You can find out more at www.crymmusic.com

THE TROUBLE WITH MONETIZING YOUR PASSION

THE TROUBLE WITH MONETIZING YOUR PASSION

So you got into a great arts school, and your head is full of dreams about how awesome it would be to dance or sing or paint for the rest of your life.

Or maybe you just really like to act and you want to get better and learn, but haven’t given much thought to what you’ll do after you graduate.

Either way chances are it didn’t take long for people to start talking about how few people ‘make it’ and how hard it is in the arts world… how you have to be the best to even have a chance of fulfilling your dreams.

Your dreams of turning this thing you’re passionate about … into enough money to live on.

The trouble begins

It’s not that they’re wrong. It is tough to make a living in the arts.

The thing that really burns my tomatoes is that in most situations schools are just focused on training for ONE kind of living in the arts.

For me, in music (opera), it was all about performance – a career singing on the world’s grand stages.

It’s a beautiful idea, but seriously hard to live out. And not because I’m not good enough or special enough (that’s between me and my therapist), it’s just a practicality: there are few stages and a ton of amazing singers.

But somehow, despite these limits, thousands of opera singers work out a way to pay their bills by working in the arts. So where was the talk during our training of the hundreds of other ways THOSE artists monetize their passion?!

What about building a teaching studio? Not just as a way to ‘pay the bills’, but on purpose… because you love teaching.

What about leaning to be a producer and make your own art? Starting your own company? Touring?

The danger of the single minded drive:

The problem with this intense, in my case big-operahouse-performance based, focus is that it sets up the idea of success and failure.

If you don’t succeed at making a living in the arts in that hyper-specific way… you failed. You are not an artist.

Hand in your badge and your gun. You are the weakest link…. goodbye…

Can we all agree that that’s insane….?

You’ve been an artist since your first chocolate pudding painting, and you’ll be one until you die. How you make your living has nothing to do with that.

Also, most artists are CRAZY DIVERSIFIED. We make a little money here… a little money there. Some in the arts … some outside of it.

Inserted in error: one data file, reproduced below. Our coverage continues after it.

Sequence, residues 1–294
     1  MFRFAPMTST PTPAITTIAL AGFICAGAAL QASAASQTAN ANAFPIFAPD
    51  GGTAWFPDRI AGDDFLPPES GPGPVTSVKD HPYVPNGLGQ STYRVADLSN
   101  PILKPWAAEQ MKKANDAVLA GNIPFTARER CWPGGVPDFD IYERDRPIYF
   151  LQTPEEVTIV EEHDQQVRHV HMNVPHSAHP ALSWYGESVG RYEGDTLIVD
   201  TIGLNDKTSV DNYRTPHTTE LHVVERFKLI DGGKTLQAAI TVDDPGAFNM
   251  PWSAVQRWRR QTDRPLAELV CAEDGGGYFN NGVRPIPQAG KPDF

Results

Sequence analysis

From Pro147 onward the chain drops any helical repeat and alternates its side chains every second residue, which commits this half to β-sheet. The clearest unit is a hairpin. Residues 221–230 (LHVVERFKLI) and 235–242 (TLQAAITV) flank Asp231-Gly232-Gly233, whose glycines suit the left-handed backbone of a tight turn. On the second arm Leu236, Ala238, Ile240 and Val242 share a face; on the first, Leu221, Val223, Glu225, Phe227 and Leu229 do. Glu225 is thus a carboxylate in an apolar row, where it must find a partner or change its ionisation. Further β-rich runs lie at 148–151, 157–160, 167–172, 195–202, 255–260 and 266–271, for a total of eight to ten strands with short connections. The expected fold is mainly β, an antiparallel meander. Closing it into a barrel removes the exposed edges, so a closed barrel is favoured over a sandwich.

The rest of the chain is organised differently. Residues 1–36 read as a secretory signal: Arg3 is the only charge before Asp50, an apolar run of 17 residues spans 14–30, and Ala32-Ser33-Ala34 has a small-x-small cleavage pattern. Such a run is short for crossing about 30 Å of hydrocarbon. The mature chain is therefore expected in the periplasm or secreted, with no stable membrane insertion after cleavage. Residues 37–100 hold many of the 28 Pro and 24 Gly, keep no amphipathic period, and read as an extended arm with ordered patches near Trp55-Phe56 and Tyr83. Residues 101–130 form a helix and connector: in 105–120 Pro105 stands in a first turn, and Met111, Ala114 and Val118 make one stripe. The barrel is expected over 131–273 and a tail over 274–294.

That’s just reality. But it’s not a reality that our training reflects.

So consequently a great cello teacher can feel a little ashamed because their performance calendar isn’t super full, even though they’re pulling in a great living with a full studio.

A wonderful singer can’t identify as an artist anymore because she works in marketing (even though she spends 5 evenings a week at choir rehearsals or teaching lessons).

To monetize or not to monetize

Making money doing what you love can be great. But it can also come at a cost.

There’s a lot of pressure to be creative on demand. The lifestyle is … non-traditional at best…

But whether you make money as an artist or not, never feel like your ‘artist status’ is on the line.

Making a living is all about finding the right balance for you. Every choice comes with a consequence.

Do you want stability or variety? Lots of money or lots of time? To be a part of a team or to be your own boss?

And if the arts really appeal to you… know that there are thousands of artists making a living in unique ways. Don’t let someone tell you there’s a ‘right’ way to do it. Let that fountain of creativity flow out of the practice room and into the rest of your life.

And create something beautiful (that also, hopefully, pays the bills).

Want to start getting control of your money? How can I help?

Chris Enns

Chris Enns

Financial Planner/Opera Singer

Money never came naturally to me. In fact… I was a bit of a disaster. I remember (very clearly) what it feels like to be ‘financially out of control’.

And honestly, I still get stressed about money… that doesn’t stop… the difference is that now I have the tools to deal with that stress.

And those tools are what’s made it possible for me to build a life full of the things I want: art, creativity, travel, family and more.

If you want to start getting control of your money I’d love to help. You can start with THIS QUIZ, visiting my GETTING STARTED PAGE or by checking out my SERVICES page.

Dr. Artist and Mr. Chris: Separating your business and personal selves

Dr. Artist and Mr. Chris: Separating your business and personal selves

A while ago I talked about how, through separating your personal and business finances, you could pay yourself a salary and better handle the variable income that comes with being a freelancer: artist or otherwise.

But that’s not the only reason for separating your personal life from your business one. And I’m not just talking about record keeping and all that stuff.

It can be a really useful mental distinction.

Mental stuff matters

I think for a lot of small business owners it’s tough to separate what we do, from who we are. That’s probably true of lots of people, freelancer or not, but for us there aren’t some of the natural separations that come from more traditional types of employment.